Letter to the Editor: Improve Current Birmingham Station – Don't Build New
"Perhaps by combining our best ideas and filtering out the bad arguments, we can find the best way forward."
The following letter was written by 23-year Troy resident Dale Murrish, who has worked in the transportation industry since 1979 at Caterpillar and GM. He’s a 26-year member of SAE, the professional society for mobility engineers. An avid bicyclist, he has ridden over 10,000 miles in Europe and America and traveled 4000 miles by train, bus, and ferryboat.
Good points have been made on both sides of the Troy transit center project, but also many bad ones. Perhaps by combining our best ideas and filtering out the bad arguments, we can find the best way forward.
The most important thing to remember is that all this $8.5M does is move the station; we are not improving the service to Chicago, which is supposed to happen either way. People with cars will still have other options, such as driving a half hour to Dearborn, cutting an hour off the train trip and $2-4 off the fare. They can also drive to Detroit or Ann Arbor and take a cheaper bus to Union Station. The rest of the Futures 2020 Plan will probably never happen. Part of Phase 2, a light rail line on Woodward, fell through recently because of the required $10M annual subsidy.
Comparing crowded cities like New York and Shanghai to Detroit is a bad argument. Thankfully, we don’t have their traffic and parking problems. Comparing roads to rail is also apples to oranges. People and freight are two different cargoes. The reason Eisenhower pushed for the interstate highway system was Germany’s autobahns, not their rail system. Amtrak has a terrible record of losing money, while inter-city bus companies make profits with the good highway system we now have.
One reason Europe has efficient trains is because their governments tax motor fuel heavily and subsidize them. There is little stomach here for even a 50 cent fuel tax to move us toward a market driven desire for fuel economy instead of the CAFÉ mandate, let alone doubling the price like in Europe.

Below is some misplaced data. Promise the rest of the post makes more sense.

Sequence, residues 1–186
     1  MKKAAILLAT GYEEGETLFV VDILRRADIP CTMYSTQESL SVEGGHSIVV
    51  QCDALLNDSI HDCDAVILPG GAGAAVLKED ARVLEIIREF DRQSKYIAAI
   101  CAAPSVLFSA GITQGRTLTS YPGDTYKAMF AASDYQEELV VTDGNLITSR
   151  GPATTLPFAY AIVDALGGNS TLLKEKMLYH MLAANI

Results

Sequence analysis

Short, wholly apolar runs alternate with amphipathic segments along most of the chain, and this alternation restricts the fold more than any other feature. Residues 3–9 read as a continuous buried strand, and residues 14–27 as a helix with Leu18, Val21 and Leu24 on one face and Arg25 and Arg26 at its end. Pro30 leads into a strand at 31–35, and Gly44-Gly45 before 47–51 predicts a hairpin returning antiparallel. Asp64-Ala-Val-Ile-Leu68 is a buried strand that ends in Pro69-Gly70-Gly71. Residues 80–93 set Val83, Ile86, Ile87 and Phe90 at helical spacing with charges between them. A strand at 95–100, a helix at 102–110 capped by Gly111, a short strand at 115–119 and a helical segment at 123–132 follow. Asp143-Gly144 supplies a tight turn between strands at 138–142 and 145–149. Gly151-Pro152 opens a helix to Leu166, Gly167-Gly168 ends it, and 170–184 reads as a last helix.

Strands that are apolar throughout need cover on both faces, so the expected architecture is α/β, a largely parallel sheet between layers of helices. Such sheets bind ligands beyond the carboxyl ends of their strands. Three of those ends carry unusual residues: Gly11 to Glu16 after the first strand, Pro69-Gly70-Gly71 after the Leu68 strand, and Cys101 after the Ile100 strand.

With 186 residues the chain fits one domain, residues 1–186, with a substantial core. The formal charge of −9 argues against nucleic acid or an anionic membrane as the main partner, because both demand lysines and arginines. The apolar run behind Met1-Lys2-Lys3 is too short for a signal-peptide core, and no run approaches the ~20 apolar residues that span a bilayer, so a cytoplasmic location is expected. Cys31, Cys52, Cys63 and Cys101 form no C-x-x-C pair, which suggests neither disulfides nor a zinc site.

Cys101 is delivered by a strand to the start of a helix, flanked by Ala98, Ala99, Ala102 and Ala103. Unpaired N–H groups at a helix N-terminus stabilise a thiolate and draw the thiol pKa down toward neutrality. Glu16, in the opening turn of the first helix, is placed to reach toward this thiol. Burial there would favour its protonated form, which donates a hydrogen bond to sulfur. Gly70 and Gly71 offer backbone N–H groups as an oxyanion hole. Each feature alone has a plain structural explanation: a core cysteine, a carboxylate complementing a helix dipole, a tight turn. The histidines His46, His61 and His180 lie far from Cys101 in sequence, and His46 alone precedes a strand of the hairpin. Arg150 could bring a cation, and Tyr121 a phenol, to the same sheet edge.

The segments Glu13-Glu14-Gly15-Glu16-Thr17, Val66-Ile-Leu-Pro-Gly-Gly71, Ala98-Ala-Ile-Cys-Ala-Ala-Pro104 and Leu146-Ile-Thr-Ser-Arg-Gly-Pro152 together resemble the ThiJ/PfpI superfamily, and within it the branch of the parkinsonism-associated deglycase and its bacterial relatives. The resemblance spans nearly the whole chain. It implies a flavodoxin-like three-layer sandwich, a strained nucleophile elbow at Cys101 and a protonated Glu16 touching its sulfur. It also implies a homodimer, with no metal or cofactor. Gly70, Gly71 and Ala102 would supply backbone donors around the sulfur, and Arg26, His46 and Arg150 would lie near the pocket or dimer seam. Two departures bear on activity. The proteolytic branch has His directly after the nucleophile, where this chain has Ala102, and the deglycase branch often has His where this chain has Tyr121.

The most disturbing argument is the idea that the money is already spent in Congress’ mind, and it will go to another state if we don’t use it. We should get our fair share of federal money coming back to us. This selfishness nearly torpedoed our country when the Constitution was being debated. As Ben Franklin said, “We will confounded by our own regional interests.”
We don’t actually start paying interest on the borrowed money until the dirt flies from the shovel-ready projects. Washington is supposedly looking for ways to cut the budget; what if we offer them $8.5M and say we’ll solve the problem ourselves?
Everything mentioned in the pro-transit center arguments could be accomplished by improving the current station. It could be spruced up with more comfortable seats, a heated building and a covered platform. A low cost display could show train ETAs and local students could paint the bare concrete. This would make an ideal Eagle Scout project, with donations from Telly’s and Bordine’s for the landscaping, Home Depot for building materials, etc. It could be done with volunteer labor at little or no cost and would set an example for other towns to have their own old-fashioned barn-raisings with sponsorships.